The risk premium on Baa corporate bonds has declined significantly in recent weeks and now stands at 2.72% (as of Thursday Oct 18), the lowest since the summer of 2011. Here's a chart of its recent behavior (chart is weekly data since Aug 24 (the week before Bernanke's speech at Jackson Hole; doesn't include the decline to 2.72% so far this week):
When was the last time it declined this much?
What was taking place during this period (Fall 2010 to early 2011)? QE2. Thus, there's evidence that QE2 helped the Baa risk premium to fall by about 0.75%. So far, QE3 has resulted in a decline in the risk premium of 0.5%. How long did the decline from QE2 last? It remained between 2.5% and 2.6% for most of the next 3 months before beginning to rise again in June 2011 (as QE2 came to an end).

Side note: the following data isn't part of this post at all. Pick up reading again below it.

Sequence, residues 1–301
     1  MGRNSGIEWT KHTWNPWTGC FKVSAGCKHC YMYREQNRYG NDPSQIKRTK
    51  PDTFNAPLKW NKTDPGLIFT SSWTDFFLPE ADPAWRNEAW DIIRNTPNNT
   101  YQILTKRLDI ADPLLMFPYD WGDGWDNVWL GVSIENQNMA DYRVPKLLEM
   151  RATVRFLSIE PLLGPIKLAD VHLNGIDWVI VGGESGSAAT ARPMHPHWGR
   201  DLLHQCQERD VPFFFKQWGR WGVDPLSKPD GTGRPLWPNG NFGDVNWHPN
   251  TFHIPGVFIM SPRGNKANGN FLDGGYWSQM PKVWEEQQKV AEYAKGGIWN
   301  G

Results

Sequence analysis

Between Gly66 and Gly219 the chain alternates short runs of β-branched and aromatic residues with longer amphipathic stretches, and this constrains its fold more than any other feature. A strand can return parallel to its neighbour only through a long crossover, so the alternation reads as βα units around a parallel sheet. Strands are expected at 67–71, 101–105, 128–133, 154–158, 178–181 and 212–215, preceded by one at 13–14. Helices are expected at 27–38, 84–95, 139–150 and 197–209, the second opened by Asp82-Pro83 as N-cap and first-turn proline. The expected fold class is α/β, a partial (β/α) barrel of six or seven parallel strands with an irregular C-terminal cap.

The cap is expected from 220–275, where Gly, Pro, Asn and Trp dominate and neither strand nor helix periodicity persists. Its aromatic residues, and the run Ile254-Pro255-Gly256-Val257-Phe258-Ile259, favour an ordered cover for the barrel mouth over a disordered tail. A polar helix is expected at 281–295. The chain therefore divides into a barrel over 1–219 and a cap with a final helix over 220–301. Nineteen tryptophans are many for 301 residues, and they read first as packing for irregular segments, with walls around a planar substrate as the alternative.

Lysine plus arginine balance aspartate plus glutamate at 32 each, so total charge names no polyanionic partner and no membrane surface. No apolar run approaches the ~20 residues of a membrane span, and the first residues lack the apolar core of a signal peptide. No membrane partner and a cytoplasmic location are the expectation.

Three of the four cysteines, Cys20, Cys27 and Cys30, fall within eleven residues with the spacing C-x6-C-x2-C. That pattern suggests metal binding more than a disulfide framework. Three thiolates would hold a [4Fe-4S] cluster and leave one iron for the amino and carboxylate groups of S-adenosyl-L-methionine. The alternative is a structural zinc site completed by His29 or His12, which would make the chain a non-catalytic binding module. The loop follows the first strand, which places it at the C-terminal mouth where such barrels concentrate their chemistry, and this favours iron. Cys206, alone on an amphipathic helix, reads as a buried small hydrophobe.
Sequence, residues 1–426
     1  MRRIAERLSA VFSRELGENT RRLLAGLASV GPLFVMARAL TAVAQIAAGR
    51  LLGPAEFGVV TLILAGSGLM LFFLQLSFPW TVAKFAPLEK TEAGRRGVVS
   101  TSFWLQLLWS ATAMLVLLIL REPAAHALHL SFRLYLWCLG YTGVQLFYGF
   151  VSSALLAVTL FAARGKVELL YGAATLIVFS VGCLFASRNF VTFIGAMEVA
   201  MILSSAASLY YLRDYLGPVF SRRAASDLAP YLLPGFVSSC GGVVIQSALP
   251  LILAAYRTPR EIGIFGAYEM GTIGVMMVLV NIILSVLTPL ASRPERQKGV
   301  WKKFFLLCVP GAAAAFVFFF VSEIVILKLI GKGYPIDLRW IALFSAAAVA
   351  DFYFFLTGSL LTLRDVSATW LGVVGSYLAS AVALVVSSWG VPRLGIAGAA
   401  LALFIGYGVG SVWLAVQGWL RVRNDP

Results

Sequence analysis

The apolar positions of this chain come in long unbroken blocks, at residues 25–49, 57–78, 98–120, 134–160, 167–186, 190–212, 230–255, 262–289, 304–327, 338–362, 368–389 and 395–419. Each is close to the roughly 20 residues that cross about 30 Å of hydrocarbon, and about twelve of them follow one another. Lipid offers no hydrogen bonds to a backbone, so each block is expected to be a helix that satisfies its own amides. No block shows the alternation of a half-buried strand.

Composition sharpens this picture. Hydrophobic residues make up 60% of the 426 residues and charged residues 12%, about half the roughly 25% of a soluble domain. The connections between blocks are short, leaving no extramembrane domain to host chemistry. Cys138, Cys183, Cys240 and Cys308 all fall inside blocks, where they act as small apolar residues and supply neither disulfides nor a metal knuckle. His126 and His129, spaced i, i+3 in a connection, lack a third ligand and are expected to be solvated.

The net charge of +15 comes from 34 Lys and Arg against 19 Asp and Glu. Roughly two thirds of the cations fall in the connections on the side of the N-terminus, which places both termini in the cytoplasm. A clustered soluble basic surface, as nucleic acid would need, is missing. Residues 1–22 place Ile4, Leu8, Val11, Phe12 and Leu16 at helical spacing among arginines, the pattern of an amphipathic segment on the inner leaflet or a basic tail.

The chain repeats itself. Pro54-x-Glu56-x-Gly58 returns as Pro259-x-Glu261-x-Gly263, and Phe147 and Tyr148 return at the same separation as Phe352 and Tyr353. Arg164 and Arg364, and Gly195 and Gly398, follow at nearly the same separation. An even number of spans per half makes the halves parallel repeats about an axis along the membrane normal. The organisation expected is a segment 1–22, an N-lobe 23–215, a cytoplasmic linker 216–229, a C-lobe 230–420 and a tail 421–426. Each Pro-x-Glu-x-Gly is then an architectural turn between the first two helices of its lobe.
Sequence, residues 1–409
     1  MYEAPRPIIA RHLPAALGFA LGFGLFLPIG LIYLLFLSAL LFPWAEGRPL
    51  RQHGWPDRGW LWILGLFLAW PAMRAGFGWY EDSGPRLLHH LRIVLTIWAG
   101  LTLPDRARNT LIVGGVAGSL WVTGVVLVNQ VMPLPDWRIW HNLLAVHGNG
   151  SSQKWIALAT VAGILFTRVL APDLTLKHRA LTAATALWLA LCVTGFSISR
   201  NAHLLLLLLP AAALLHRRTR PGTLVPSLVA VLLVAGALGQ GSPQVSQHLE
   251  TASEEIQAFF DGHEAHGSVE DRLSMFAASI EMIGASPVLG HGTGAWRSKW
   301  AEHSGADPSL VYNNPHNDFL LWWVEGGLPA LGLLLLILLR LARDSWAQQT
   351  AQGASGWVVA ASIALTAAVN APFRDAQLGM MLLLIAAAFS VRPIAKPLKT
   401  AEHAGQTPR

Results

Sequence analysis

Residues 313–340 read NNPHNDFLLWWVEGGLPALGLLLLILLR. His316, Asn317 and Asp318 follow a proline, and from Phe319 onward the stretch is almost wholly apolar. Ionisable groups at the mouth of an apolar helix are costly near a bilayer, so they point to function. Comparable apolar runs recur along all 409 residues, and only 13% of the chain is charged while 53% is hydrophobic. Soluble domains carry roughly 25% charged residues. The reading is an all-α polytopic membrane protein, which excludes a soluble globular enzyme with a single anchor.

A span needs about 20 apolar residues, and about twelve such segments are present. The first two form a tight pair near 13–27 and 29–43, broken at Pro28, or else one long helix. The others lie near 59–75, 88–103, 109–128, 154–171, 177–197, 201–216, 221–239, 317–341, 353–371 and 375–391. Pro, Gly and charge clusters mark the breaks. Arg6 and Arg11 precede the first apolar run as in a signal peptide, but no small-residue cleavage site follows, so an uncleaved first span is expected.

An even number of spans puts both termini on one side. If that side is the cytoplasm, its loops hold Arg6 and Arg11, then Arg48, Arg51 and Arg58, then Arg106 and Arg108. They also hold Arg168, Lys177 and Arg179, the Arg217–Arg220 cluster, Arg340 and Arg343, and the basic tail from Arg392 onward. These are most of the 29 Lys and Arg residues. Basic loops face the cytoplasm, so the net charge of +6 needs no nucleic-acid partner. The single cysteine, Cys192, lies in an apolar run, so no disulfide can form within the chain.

Update: Here's the rest of the story - a chart that shows the risk premium from the start of QE2 until the debt limit controversy of August 2011 (note: the risk premium was about 2.8% at the end of July 2011 before spiking in August 2011).
The Fed must be happy to see evidence of easing of credit so far due in part to QE3. Given the open endedness of QE3, will the risk premium continue to decline and remain relatively low (at least compared to recent times)? We'll have to wait and see.